When we first arrived in Paje, my eyes were drawn to the neat rows and columns of sturdy sticks in the shallow water right off of the beach. At first I paid them no mind, but I soon realized that they had been strategically placed to collect seaweed. Seaweed is a big name in Paje. Hundreds of women have harvested and sold seaweed for years, but historically, they’ve earned very little for their work, often harvesting small amounts and exporting the raw goods at extremely low prices. The nearby Seaweed Center, which just opened in 2011, hires several dozen women who are able to earn a regular wage. And I’m pretty sure the Seaweed Center is a cooperative.
After I explored the expanse of sandbar, rock, and shallow waters exposed at low tide, I visited the Seaweed Center with my friends Christina and Wendi. It took us a while to find it. We walked up the beach for maybe 15 or 20 minutes, asked a couple women for directions, and were finally directed inland, crossing through plots of grassy land with unfinished houses, between hostels, and across dirt roads white with sand.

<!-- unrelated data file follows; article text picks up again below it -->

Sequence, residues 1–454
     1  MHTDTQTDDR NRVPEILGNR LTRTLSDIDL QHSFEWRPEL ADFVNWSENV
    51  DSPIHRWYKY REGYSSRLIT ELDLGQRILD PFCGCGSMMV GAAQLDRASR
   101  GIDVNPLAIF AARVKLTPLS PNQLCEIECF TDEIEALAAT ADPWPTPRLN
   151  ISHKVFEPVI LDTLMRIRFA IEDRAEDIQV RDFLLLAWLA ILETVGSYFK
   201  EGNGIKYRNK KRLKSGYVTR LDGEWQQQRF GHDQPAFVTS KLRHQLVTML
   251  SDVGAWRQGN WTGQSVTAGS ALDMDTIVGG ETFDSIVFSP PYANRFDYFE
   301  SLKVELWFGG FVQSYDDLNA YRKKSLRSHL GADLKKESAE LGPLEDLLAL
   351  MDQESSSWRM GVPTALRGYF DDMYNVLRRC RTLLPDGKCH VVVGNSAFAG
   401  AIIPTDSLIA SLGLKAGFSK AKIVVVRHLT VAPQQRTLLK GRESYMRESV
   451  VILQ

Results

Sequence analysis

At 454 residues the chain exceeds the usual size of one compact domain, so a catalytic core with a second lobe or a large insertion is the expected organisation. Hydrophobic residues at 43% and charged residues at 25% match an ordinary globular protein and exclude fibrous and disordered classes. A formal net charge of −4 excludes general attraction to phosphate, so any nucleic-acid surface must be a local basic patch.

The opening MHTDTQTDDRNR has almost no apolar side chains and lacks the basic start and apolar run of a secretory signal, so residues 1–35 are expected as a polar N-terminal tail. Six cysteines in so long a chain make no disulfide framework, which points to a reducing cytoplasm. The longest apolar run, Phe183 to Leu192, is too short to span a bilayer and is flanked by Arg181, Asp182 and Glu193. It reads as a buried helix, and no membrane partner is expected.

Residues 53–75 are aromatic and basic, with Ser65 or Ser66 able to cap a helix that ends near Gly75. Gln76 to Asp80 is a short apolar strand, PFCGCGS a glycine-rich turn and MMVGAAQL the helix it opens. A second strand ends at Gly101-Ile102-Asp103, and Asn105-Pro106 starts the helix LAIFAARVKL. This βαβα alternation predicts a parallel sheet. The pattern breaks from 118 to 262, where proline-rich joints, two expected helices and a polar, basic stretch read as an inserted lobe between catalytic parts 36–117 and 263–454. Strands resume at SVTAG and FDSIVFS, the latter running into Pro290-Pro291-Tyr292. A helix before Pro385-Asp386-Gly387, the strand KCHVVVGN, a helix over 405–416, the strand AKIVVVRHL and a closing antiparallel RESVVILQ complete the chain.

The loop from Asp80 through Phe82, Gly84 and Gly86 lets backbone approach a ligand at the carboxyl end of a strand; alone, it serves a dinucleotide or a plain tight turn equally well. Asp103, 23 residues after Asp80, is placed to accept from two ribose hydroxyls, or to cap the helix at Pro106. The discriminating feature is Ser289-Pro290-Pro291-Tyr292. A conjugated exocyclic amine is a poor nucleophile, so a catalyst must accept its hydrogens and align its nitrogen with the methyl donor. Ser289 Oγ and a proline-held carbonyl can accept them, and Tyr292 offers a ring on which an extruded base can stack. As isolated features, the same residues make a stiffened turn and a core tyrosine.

One of the women working there greeted us outside the shop and gave us a small tour of the facilities. She showed us where the seaweed is first stored and dried after they collect it from the ocean and she even gave us a little to taste. It was crunchy and plain, with a slight flavor of sea salt. After the taste test, she took us inside and briefly walked us through the process of making the soaps. It takes multiple days to make a batch of soap, but it seemed to be well worth it. She told us that they sell quite a bit to local hotels and shops. There are even business people over in the U.S. that will come and buy their soap in bulk and take it back to sell in boutiques. Tourism is bringing in an increasing amount of revenue.
After showing us the heaps and packed shelves of seaweed beauty products in their storeroom, she led us back into the shop. They have an array of scents: lemongrass, turmeric, lime, clove, and coffee-clove. I bought one for myself and then I went a little overboard and stocked up on the soaps as token Christmas gifts.